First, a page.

Please use this identifier to cite or link to this item:http://hdl.handle.net/20.500.12105/11029
Socioeconomic Inequalities in Colorectal Cancer Survival in Southern Spain: A Multilevel Population-Based Cohort Study.
Clin Epidemiol . 2020 Jul 21;12:797-806.
Colorectal cancer (CRC) is the most frequently diagnosed cancer in Spain. Socioeconomic inequalities in cancer survival are not documented in Spain. We aim to study the association of socioeconomic inequalities with overall mortality and survival among CRC patients in southern Spain. We conducted a multilevel population-based cohort study, including CRC cases for the period 2011-2013. The study time-to-event outcome was death, and the primary exposure was CRC patients' socioeconomic status assessed by the Spanish deprivation index at the census tract level. We used a mixed-effects flexible hazard model, including census tract as a random intercept, to derive overall survival estimates by deprivation. Among 3589 CRC patients and 12,148 person-years at risk (pyr), 964 patients died before the end of the follow-up. Mortality by deprivation showed the highest mortality rate for the most deprived group (96.2 per 1000 pyr, 95% CI: 84.0-110.2). After adjusting for sex, age, cancer stage, and the area of residence, the most deprived had a 60% higher excess mortality risk than the less deprived group (excess mortality risk ratio: 1.6, 95% CI: 1.1-2.3). We found a consistent association between deprivation and CRC excess mortality and survival. The reasons behind these inequalities need further investigation in order to improve equality cancer outcomes in all social groups.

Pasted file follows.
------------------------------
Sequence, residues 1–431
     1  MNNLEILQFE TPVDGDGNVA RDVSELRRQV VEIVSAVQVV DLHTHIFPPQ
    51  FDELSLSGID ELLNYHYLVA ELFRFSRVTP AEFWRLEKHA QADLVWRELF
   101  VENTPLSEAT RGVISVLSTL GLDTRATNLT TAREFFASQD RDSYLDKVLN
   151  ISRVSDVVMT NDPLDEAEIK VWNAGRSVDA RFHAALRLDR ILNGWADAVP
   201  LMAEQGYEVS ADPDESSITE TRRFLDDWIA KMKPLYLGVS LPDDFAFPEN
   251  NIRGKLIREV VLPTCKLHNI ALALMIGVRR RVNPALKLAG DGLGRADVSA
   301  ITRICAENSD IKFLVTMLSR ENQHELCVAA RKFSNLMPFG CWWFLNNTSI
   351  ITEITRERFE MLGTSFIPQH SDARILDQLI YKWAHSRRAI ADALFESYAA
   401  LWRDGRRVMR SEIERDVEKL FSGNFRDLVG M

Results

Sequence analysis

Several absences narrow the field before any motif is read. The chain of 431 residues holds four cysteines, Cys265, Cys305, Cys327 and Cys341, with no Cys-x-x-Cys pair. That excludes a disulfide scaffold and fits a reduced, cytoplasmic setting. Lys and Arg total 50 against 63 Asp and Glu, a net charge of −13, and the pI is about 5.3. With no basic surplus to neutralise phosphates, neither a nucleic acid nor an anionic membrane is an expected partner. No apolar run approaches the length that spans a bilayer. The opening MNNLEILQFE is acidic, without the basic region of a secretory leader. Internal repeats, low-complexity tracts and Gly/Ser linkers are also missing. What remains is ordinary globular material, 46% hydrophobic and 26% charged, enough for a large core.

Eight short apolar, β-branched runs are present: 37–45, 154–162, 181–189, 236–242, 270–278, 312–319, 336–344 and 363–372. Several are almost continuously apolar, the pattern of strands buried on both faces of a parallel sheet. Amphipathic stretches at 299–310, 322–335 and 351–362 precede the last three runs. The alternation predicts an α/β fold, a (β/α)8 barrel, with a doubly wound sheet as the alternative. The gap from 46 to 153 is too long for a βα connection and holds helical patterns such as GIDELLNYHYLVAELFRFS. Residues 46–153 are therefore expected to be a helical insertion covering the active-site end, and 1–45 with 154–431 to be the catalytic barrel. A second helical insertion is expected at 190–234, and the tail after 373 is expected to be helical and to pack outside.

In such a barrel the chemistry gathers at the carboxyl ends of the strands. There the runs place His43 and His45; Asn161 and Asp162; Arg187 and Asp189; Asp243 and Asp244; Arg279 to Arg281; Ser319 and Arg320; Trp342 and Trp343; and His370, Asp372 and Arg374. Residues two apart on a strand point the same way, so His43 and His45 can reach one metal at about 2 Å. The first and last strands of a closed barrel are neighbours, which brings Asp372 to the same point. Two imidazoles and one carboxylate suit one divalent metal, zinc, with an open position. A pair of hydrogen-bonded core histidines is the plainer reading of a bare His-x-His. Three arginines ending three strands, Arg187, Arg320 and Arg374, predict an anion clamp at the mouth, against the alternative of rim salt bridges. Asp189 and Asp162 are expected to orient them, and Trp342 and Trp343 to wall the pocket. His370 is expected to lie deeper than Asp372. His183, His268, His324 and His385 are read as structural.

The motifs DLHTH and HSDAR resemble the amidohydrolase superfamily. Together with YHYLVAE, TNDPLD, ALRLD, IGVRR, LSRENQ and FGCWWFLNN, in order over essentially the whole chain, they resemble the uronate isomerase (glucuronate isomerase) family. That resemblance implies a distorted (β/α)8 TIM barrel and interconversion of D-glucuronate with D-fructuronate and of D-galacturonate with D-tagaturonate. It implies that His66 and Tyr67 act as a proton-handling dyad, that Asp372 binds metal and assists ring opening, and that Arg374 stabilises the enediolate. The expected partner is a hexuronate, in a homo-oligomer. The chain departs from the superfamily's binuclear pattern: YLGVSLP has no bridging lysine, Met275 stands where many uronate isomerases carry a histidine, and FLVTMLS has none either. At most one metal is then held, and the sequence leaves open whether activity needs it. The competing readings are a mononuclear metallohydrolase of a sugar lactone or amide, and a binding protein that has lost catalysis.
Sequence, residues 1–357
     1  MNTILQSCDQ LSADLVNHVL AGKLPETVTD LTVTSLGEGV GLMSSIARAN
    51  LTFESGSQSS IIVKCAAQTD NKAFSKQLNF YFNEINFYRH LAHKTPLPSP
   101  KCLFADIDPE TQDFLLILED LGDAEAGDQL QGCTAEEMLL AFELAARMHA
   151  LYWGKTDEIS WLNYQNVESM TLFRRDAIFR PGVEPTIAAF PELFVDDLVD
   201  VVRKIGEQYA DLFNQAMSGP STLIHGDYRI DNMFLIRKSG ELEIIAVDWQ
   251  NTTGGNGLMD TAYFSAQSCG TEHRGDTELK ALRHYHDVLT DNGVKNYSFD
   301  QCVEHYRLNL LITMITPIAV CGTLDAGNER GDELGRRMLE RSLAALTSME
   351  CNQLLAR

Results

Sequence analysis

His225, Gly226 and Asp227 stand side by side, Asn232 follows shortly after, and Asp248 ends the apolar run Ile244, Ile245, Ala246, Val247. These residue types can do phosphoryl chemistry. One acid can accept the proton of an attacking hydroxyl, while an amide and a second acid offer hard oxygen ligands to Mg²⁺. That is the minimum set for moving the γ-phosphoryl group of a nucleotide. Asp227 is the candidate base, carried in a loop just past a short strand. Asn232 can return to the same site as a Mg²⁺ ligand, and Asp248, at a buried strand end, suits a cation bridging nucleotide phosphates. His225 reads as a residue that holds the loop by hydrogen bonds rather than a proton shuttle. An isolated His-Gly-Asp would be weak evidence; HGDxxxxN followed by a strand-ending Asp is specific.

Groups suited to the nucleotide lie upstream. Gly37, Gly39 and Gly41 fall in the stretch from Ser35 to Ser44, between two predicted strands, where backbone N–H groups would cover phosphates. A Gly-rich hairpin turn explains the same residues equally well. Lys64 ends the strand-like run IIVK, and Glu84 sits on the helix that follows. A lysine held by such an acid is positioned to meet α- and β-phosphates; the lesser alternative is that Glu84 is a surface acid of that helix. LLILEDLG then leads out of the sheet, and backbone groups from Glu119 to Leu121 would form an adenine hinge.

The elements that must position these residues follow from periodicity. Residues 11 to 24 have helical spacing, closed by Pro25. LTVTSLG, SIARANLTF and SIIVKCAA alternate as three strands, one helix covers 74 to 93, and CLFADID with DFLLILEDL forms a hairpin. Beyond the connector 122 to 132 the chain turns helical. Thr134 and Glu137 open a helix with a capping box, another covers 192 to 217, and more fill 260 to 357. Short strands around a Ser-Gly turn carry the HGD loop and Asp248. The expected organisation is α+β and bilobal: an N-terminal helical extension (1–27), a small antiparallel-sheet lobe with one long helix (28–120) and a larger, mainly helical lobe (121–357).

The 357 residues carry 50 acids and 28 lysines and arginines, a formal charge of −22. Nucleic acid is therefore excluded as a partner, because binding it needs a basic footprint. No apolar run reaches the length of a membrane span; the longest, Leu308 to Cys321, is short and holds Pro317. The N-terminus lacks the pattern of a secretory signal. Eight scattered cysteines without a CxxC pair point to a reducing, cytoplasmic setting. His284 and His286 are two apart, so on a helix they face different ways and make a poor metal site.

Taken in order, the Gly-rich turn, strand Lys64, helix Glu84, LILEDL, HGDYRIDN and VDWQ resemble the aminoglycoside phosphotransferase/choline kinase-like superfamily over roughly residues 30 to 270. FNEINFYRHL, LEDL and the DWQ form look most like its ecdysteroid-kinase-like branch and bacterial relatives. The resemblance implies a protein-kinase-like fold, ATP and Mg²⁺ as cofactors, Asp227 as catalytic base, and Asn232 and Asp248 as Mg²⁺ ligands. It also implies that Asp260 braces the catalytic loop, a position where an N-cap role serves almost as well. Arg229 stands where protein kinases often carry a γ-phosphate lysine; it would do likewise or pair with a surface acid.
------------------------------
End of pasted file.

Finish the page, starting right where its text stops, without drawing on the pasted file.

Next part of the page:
Colorectal Neoplasms | Epidemiological Monitoring | Multilevel Analysis | Socioeconomic Factors | Survival
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